An alternate title for this should be 'Meet the Herd: Oliver'... but it didn't really fit...
When we brought our buck home, we finally got a good look at the little guy (and boy, howdy, is he little for a 13 month old buck). He was bony and losing hair. He also had a boil, bubble, abscess, whatever-you-want-to-call-it on his cheek. Since it wasn't on his jaw bone, a friend of ours didn't think that it was CL. A couple days later it burst without our knowing it.
So we sent off a little vial of blood to the lab to be checked for CL. Just to be sure. An ounce of prevention... If it was CL, we didn't want the other goats to be anywhere that the buck had been. After a week of waiting, the tests came back negative.
Then, a week and a half ago, he got another one. It was bigger, it was rounder, it was more swollen, and it was on his jaw bone...
We interrupt this post for random factoids:
CL stands for 'Caseous Lymphadentitis.' Translation - it's a ruminant infection that ends up in the lymph nodes and then creates abscesses in those areas (jaw bone, shoulder, rump, etc...). The microbes that spread CL from animal to animal are released when the abscess ruptures. We had three different locations that the first abscess could have burst.
And now back to your regularly scheduled post...
Long story short - Mom and Dad spent 4 hours of Mom's birthday at the vet. When she (the vet) lanced the abscess, she said that it was about a day away from exploding (rupturing is a nice way of saying it) and that it was highly suspicious for CL. So the abscess material was sent off to the lab. Apparently the puss test is more accurate than the blood test. Mom was about ready to throw in the towel and put the little guy down. Dad wasn't quite ready to raise the white flag just yet. The vet made the point, "Would you be okay with putting Oliver down only to find out that the test comes back negative?" Okay, we'll cross that bridge after we get the results...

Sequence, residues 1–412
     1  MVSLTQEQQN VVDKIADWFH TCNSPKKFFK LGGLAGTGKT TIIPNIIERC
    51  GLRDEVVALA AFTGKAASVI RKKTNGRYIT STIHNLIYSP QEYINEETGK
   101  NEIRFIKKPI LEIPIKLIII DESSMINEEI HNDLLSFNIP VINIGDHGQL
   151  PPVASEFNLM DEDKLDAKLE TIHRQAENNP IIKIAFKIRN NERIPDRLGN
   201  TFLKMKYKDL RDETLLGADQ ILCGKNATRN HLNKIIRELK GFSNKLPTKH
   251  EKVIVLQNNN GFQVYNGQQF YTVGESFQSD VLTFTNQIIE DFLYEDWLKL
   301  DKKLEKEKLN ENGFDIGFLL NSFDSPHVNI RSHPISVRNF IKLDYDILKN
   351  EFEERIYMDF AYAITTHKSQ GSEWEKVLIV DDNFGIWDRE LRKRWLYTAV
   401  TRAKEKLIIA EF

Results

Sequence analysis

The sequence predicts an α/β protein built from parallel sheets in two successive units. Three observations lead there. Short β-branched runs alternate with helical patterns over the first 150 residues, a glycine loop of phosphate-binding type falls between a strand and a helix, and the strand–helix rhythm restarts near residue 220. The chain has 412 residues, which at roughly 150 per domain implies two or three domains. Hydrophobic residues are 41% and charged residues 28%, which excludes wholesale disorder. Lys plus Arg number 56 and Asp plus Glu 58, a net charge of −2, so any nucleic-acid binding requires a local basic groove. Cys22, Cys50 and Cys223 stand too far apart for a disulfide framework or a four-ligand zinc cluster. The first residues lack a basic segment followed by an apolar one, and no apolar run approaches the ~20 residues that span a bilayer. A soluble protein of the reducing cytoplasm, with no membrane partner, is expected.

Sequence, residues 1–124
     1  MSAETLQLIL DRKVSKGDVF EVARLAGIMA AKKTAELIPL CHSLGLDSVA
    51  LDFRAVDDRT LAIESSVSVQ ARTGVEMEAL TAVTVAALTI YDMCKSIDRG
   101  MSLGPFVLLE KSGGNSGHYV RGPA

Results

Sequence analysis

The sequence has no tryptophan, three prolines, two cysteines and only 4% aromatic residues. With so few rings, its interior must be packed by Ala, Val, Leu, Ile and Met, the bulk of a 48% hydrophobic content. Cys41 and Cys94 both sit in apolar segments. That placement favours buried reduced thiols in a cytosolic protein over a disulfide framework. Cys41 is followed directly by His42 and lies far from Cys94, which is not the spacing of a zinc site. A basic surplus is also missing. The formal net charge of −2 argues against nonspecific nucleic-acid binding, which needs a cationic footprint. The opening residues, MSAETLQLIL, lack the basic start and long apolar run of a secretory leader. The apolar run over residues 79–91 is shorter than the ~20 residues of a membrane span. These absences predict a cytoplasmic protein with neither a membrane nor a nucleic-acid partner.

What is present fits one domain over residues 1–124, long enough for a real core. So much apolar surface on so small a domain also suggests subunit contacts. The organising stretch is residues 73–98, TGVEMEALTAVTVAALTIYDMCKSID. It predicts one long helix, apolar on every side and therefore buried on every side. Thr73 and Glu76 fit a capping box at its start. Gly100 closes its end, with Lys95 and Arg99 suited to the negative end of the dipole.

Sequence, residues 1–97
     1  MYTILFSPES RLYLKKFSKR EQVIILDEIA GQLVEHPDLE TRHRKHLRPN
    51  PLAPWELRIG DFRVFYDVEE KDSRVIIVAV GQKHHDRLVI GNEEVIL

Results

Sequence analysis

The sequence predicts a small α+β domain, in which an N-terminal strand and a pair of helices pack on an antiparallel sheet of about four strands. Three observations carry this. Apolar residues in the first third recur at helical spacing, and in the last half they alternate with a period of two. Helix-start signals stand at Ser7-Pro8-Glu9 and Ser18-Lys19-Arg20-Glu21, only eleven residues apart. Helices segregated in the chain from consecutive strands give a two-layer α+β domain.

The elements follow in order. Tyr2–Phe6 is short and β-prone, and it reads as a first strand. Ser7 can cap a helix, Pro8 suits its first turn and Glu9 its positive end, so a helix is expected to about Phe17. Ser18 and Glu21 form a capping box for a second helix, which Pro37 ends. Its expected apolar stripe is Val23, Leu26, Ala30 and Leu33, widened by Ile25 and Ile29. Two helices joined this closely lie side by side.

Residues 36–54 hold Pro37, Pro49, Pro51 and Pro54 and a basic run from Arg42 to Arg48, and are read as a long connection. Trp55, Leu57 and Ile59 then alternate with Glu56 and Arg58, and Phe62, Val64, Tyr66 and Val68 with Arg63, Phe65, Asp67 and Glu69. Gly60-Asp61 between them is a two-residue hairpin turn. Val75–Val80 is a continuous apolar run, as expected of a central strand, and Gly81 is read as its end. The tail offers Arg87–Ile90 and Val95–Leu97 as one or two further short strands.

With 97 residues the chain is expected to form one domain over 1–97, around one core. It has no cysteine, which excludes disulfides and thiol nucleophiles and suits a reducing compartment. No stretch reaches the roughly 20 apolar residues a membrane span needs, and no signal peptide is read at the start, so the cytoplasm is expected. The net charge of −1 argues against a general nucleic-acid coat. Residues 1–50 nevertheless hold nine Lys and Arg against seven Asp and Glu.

In order to lance the abscess, the vet trimmed up little Oliver's beard. But only half of it. So he was a lopsided Chinese wise man until we decided that he should get an even haircut. I won't humiliate the guy by posting pictures of how pathetic he looked after his 'spa' day at the vet's.
We waited. And waited. All the while, treating the buck like a biohazard. Only one person goes in to care for him. That person cannot work with the other goats. The clothes that the person wore had to be cleaned asap and kept separate from the rest of the laundry. The special person also has a special pair of shoes that can only be used in Oliver's pen. There is a shovel that can only be used in Oliver's stall and the bedding material cannot go to the compost pile - if we took it out then it's to be burned.
For a week we toiled, all the while holding our breath hoping that it wasn't CL. If it was, our little goat adventure would be done, and the cow just might have to come home... We hardly had even a glimmer of hope while waiting. Dad decided that he should dig out a deep hole in the back of the property since we had the neighbor's excavator. Wouldn't want to be digging a 6-8 foot deep hole with a spade. Finally, we had to call the vet, "Have you gotten those test results by any chance? No? Do you know when those will come in? You'll give them a call in the morning? Okay. Question for you - how often do you see a CL blood test come back negative and the culture come back positive? Oh really... That's interesting. Well, we'll have to look into that. Thank you!" So... What did the vet tech say?! I didn't find out until later...
The fated phone call finally arrived. Should we answer it or let them leave a message? Inhale, exhale, repeat. Hmm... Here, run and give the phone to Mom! :cue drum roll: We're CL negative!!! :D :D :D
But what caused those boils on his face? One of our does was getting bumps on her side now too... Well, the vet tech's sister-in-law had similar problems and dealing with the same conundrum that we were.
Lo-and-behold, there were thistles in the alfalfa.
You read that right. Thistles. We reached in to their feed and got ourselves stuck with the nasties too. We've been running around in circles and bending over backwards, and it's thistles. They had lodged their spiny little stickers into the goat's cheek, or in our doe's case, she was sleeping in the alfalfa - hence the scabs and bumps... oh the little stinker.
Looking back on the last couple of weeks, the verse in Proverbs where it talks about how God will make foolishness of man's wisdom pretty much sums it all up. Yeah, we've learned that one first hand. :P
Until next time!